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Duty to report, law societies, mental illness


Lawyers have a largely overlooked duty to report other lawyers to the law society in a range of circumstances. This duty contemplates mental illness, explicitly or implicitly, as a reportable condition and thus engages issues of stigma and discrimination. This article analyzes this reporting duty with a focus on its implications for lawyers with disabilities. The article begins by examining the history and text of the rule and considering several legal problems it presents. It then canvasses law societies’ duties to their members with disabilities under human rights law and analyzes how the duty to report interacts with human rights law. It concludes by making recommendations for law societies, including amendments to the rule containing the reporting duty.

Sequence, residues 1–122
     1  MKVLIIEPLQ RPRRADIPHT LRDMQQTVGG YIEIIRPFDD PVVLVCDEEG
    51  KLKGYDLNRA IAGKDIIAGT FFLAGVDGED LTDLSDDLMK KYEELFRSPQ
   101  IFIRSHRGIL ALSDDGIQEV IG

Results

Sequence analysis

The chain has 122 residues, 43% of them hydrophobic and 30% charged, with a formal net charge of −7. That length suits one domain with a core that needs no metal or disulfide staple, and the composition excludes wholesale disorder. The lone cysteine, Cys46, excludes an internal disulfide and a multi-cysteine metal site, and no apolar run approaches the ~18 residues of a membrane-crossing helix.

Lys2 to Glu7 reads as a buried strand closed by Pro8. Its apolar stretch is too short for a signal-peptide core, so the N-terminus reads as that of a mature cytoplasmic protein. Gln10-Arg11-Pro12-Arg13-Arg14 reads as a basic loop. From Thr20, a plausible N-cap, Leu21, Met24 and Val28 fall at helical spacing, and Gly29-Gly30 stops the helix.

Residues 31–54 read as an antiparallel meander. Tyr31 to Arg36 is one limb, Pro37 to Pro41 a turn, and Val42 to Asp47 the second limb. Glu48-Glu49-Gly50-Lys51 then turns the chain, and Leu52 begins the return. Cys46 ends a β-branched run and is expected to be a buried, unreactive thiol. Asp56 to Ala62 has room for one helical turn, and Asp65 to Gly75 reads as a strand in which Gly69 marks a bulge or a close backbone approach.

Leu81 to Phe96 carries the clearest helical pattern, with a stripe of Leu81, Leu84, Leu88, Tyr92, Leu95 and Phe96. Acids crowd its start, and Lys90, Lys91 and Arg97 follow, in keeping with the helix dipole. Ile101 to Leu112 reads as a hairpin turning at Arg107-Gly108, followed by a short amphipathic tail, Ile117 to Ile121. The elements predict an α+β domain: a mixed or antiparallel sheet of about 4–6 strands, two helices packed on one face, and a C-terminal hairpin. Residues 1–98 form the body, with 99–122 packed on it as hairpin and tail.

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Alta L Rev